Renaissance heroes

Gill Othen gill at othen.fslife.co.uk
Fri Aug 8 15:03:25 EDT 2003


Reply to: Robyn Starkey <rohina at shaw.ca>
Subject: Re: Renaissance heroes

What do you mean? She [The Wyf of Bath] got married 5 times, surely that's
supportive of
family values. ;)

LOL! Does she ever mention children, though? She certainly didn't maintain
the culturally-reccommended behaviour of a married woman!

>> We can argue about whether the portraits in Chaucer's GP
are of individuals or types (I incline towards the latter, because of the
indefinite article "a monk", not "the monk"), but the point I was trying to
make was not that there are not distinctive individuals, but that being a
distinctive individual is not the be-all and end-all that it is perceived
to be in modern times. Individual people can still have collective values.<<

No, other things mattered too (though I don't really get the "a monk"
argument - after all, you might start describing me by saying I am "a
teacher", and you'd be right.) However, family did not subordinate
everything else as, for example, it would have done in China or Japan of
thesame period.


>> I would argue quite strongly that there isn't the huge change you imply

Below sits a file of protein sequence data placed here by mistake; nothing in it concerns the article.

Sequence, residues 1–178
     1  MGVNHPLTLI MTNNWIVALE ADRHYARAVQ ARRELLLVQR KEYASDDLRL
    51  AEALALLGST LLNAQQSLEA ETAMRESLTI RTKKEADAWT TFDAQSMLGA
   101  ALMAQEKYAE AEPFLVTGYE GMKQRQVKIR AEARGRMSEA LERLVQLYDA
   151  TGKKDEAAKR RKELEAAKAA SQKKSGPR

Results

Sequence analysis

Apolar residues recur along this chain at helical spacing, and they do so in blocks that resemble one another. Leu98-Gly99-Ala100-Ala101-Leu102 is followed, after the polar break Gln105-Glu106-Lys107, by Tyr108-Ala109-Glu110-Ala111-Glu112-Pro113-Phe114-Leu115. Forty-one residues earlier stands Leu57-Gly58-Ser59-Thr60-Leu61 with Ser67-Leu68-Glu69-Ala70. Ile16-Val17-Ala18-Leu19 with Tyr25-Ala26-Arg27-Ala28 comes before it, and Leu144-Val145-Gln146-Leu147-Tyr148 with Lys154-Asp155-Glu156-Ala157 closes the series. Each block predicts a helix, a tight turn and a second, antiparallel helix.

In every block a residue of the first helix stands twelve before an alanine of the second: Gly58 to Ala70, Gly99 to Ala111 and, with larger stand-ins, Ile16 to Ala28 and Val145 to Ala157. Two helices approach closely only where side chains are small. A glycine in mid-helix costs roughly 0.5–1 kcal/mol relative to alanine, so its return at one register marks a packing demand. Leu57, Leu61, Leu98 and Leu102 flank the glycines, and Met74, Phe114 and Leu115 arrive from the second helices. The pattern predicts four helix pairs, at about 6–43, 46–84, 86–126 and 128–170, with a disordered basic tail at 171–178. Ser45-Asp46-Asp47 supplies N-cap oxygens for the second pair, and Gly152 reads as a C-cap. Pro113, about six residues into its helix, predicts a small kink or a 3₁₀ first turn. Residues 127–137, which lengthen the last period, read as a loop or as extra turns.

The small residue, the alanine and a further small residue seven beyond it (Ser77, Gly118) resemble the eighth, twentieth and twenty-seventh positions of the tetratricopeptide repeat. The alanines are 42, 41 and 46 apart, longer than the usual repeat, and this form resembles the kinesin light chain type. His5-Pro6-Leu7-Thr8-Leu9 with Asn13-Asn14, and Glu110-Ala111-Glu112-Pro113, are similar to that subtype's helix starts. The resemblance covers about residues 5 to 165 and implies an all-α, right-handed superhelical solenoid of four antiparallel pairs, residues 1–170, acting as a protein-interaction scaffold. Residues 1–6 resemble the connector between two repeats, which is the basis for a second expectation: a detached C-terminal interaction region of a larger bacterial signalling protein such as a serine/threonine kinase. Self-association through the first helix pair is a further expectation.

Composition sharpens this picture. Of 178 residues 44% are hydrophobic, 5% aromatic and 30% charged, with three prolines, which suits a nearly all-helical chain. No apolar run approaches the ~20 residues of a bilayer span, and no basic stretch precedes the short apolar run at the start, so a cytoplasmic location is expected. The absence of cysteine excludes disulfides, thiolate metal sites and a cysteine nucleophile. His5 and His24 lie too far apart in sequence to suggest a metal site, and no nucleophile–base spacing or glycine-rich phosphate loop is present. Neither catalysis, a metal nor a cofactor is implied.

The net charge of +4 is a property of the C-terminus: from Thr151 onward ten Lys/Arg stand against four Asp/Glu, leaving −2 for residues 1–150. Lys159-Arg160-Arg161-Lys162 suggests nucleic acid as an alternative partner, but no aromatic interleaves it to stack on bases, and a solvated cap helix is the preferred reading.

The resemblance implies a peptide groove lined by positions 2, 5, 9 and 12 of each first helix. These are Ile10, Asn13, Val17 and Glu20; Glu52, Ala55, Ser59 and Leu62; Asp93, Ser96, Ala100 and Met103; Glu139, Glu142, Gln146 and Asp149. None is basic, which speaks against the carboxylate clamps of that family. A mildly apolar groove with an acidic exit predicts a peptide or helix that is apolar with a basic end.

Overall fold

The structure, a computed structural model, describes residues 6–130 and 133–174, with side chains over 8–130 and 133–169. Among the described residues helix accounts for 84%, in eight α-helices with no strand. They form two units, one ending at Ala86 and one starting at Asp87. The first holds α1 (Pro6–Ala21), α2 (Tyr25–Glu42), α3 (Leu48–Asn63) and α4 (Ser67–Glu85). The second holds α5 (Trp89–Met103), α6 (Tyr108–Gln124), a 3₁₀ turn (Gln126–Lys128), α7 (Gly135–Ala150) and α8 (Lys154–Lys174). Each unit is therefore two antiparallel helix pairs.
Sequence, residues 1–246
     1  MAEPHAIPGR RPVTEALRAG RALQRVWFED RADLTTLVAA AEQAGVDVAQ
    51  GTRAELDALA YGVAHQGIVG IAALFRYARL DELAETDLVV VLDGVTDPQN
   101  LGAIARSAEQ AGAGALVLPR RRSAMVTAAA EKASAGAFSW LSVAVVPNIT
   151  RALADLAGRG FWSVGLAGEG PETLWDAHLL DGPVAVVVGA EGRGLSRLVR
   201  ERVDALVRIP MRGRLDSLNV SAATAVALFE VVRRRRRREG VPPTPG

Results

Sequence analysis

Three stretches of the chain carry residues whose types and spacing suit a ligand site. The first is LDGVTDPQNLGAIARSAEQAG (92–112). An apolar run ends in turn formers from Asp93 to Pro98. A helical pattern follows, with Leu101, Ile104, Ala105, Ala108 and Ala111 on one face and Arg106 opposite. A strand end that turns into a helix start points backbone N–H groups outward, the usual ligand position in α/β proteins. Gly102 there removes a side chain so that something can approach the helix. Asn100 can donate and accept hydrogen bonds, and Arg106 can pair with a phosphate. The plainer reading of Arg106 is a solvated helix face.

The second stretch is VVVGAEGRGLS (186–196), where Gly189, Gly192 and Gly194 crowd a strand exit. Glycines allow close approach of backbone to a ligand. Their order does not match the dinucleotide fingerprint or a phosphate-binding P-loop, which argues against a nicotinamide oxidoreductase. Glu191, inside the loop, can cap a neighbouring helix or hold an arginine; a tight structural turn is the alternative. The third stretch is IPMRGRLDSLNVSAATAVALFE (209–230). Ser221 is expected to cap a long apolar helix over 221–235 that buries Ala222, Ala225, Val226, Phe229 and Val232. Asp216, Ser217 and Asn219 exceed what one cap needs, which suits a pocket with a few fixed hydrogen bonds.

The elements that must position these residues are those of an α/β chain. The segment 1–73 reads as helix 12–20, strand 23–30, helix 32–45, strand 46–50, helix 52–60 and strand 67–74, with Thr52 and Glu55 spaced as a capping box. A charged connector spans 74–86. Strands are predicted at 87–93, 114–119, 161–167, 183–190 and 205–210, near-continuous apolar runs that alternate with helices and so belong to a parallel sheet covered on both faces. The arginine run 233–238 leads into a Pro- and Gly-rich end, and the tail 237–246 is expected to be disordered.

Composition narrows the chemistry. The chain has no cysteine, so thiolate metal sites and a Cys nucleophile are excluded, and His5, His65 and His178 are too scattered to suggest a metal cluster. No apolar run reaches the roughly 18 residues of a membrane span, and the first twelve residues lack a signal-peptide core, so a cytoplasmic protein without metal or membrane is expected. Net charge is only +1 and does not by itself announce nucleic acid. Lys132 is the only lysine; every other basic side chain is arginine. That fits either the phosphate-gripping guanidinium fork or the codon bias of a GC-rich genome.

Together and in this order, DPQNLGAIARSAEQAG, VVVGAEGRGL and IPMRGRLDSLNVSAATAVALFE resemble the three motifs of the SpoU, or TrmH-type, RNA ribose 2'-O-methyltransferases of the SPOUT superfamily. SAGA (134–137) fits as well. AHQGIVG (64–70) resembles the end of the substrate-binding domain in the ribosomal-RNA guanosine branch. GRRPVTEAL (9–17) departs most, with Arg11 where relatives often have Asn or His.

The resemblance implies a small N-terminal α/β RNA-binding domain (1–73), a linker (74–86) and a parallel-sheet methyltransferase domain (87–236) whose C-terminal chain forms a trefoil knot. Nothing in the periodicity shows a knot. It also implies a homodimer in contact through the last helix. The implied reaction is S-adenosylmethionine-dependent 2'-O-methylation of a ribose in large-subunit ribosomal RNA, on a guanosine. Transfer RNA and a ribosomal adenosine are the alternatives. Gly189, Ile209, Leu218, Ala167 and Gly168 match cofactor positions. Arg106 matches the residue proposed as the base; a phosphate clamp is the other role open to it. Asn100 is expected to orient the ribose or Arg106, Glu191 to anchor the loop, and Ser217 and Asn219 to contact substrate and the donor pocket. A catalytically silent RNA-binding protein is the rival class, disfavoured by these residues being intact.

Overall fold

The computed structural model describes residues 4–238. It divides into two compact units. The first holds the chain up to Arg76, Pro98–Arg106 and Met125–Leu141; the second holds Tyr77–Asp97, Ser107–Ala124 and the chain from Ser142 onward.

from early Chaucer to
the later works, but again, that's probably an issue of a different
perspective.<<

In literary terms there is surely a very significant change. I tend to see
an attitudinal change too.

I always assumed Caprona was Edwardian because that's the time period in
Chrestomanci's world. Is there any indication that he time-travels to visit
the families? Also, they have cars, so I thought it was like an alternate
Italy which had kept closer to its renaissance origins.

Yes, I'd forgotten about the cars - though horse-drawn carriages are de
rigeur for formal events. (Paper horses.....) However, in most other
respects it's more Renaissance than Edwardian, isn't it? Or possibly
Baroque, thinking about the visit to the palace.

Gill

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